Free Dog Training Tips for Puppy Mill Dog Behavior Problems

By: David Codr

Published Date: October 12, 2018

Puppy Mill Dog Behavior Problems

During this Omaha dog psychology session, we assisted 8-year-old German Shepherd Sam in overcoming her fear of approaching humans, stemming from typical puppy mill dog behavior problems, as she had spent her entire life in such conditions.

I was asked to help with what seemed like Separation Anxiety. When I arrived, I discovered that Sam didn’t know any commands. Her guardian was at a loss to teach her any since she was such a fearful dog. It took quite a while for the dog to relax and not compulsively move away from her.

What Behavioral Problems can Puppy Mill Dogs Develop?

Rescued dogs often exhibit severe anxiety and trust issues, typical of puppy mill dog behavior problems.

Dogs from puppy mills often develop behavioral issues due to lack of stimulation, isolation, and poor socialization. These can include compulsive behaviors such as spinning, pacing, chewing, or barking, which are ways to cope with stress. They may also exhibit heightened phobias, fears, sensitivity to touch, aggression, anxiety, and difficulties with potty training.

It’s heartbreaking to witness how puppy mill dogs’ spirits are shattered by years of neglect and abuse. Confined to tiny cages, they live in constant fear, denied basic freedoms like exercise and relief. No dog should endure such cruelty. Avoid buying from pet stores to stop supporting these inhumane practices.

Combating Puppy Mill Dog Behavior Problems

Early in the session we worked on teaching Sam to go to the dog bed. This is a great exercise and handy cue to have available. Since Sam spends most of her time on the couch, if a guest visits and sits there, Sam wont have a comfortable / familiar place to go. Training a dog to go to the dog bed can help them build a positive association as the dog gets all kinds of treats for going to the bed.

I used soft body language and a number of dog behavior tricks to help Sam feel relaxed and comfortable. I knew I was making progress when she took a few treats from me. The guardian said she never takes treats from people she doesn’t know well.

To help Sam learn to trust people, she needs practice with those who understand it’s better to give her space than to pet her right away.

I filmed a demonstration to show the guardian how to help a scared dog feel comfortable around people. This way, others can learn what to do.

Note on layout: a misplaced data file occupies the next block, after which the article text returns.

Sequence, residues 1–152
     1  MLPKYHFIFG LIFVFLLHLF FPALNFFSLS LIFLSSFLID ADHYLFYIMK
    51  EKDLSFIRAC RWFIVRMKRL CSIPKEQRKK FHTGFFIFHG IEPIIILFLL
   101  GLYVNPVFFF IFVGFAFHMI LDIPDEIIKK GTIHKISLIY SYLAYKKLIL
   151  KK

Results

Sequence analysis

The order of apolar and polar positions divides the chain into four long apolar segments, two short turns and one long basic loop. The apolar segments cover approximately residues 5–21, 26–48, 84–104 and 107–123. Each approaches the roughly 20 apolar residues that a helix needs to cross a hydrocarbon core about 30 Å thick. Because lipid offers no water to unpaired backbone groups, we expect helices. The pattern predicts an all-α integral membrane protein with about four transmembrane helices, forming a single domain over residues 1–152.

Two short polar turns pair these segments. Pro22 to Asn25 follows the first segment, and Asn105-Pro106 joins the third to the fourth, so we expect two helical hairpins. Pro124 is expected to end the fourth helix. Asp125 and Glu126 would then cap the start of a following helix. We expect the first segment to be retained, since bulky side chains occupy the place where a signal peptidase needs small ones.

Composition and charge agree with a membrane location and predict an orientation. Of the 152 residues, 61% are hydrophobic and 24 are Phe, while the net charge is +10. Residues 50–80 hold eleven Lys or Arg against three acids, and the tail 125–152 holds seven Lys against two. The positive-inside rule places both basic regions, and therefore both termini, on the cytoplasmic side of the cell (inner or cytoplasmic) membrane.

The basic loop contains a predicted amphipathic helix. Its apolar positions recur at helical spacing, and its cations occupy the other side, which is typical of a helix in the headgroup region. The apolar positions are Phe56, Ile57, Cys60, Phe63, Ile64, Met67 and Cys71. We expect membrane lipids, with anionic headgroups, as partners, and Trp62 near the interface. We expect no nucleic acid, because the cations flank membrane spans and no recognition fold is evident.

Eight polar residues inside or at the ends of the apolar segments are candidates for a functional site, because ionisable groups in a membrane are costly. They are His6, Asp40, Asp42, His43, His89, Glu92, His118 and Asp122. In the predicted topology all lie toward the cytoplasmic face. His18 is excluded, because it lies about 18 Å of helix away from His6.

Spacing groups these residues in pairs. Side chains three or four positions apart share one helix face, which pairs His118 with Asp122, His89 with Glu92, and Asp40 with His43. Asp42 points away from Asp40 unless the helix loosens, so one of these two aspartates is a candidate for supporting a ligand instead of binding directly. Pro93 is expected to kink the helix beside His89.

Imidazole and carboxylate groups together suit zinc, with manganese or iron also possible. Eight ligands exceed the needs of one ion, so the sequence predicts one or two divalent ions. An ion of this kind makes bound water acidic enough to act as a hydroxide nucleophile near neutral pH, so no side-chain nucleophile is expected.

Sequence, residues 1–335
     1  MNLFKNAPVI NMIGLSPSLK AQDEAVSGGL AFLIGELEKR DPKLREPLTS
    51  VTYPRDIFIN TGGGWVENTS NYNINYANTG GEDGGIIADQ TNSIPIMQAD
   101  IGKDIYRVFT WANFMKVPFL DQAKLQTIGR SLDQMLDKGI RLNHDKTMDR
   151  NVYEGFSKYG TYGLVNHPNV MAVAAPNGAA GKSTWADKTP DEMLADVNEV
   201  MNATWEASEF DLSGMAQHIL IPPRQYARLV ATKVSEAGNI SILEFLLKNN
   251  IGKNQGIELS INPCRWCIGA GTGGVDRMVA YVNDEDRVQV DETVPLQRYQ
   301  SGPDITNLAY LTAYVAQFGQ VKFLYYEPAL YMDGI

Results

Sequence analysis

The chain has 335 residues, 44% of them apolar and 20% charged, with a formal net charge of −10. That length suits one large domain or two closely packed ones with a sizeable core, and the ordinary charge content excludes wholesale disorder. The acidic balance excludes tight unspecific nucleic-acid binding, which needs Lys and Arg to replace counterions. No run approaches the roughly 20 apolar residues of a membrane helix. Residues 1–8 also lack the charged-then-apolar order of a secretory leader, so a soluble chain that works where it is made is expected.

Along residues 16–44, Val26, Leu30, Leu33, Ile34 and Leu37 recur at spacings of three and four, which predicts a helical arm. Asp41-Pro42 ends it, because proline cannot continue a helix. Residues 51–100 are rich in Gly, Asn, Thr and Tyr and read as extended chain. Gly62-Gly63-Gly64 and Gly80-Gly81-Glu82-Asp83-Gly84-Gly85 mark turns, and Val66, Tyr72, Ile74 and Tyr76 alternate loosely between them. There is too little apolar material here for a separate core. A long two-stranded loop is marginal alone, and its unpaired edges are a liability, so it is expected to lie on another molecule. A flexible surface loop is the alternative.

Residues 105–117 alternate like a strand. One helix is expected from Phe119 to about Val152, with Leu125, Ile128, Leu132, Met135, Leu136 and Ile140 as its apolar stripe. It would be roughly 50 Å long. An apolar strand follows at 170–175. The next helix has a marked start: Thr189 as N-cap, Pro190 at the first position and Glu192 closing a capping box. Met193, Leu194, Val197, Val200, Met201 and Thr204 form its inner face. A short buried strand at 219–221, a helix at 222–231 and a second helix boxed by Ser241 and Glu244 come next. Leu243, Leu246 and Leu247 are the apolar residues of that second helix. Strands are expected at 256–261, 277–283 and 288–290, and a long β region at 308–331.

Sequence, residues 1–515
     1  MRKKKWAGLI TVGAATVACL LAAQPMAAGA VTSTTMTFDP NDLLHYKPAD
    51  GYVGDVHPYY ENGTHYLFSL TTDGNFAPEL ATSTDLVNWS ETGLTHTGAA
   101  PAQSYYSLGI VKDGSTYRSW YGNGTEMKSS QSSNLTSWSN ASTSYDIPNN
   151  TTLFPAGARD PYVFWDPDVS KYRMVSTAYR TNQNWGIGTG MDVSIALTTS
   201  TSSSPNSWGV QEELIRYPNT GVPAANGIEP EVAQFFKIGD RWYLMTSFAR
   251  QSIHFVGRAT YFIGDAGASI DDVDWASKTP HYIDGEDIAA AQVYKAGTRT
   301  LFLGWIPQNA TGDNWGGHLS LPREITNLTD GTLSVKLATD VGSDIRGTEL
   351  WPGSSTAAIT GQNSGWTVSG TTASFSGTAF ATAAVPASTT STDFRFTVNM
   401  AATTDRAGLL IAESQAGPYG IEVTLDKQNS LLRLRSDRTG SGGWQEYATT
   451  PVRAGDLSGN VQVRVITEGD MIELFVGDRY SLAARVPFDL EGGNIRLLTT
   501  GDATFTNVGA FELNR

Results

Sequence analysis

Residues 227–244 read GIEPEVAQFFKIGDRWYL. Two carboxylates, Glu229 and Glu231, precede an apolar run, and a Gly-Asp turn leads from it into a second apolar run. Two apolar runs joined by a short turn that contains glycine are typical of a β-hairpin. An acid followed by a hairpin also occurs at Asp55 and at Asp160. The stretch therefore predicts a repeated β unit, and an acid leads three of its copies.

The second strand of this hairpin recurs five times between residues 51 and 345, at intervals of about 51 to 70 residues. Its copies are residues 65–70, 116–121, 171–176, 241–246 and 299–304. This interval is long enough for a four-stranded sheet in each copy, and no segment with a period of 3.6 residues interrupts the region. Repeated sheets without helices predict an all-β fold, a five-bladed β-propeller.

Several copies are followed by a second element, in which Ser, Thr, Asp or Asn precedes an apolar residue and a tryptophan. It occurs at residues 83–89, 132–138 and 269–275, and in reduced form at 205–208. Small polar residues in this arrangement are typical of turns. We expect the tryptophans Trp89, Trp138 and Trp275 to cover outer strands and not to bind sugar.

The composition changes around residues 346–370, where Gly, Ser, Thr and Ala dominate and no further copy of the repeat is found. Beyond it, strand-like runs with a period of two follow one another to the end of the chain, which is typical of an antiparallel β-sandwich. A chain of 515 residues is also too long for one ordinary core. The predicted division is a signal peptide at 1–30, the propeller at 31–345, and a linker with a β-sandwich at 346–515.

As you can see in the training video above, working on puppy mill dog behavior problems takes a lot of patience, compassion, and kindness. Remember to respect the dog’s space, work on building their confidence, and don’t try not to pet them too soon. We’re working at the dog’s speed and we don’t want to overwhelm them.

Rehabilitating a Rescued Puppy Mill Dog

Helping a dog get over a fear of people is one of the most rewarding things any dog behavior expert gets to do. You know you are making a major improvement in the dog’s quality of life as a fear of people is something that impacts the dog every day.

Teaching a dog to trust humans is all about setting the dog up for success. Meeting outside can be a great first step as the distractions can help the dog avoid focusing on its fear of humans. Taking the dog for a walk with the new human can also pay off big time as dogs get over fears by literally moving forward.

The physical damage can be shocking, but the psychological toll is even greater. Adopting a puppy mill survivor requires a special person willing to accept and love them. Rescue begins the journey, but true rehabilitation hinges on a dedicated, loving family.

I gained the trust of a rescued puppy mill dog using dog psychology and positive reinforcement. I believe the owner can help her get over her fear of new people.

To help the guardian remember all the positive dog training tips I shared in this in-home dog training session, we filmed a roadmap to success video.

Need Help with a Rescued Puppy Mill Dog? Click Here to Book Your Session Now
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This post was written by: David Codr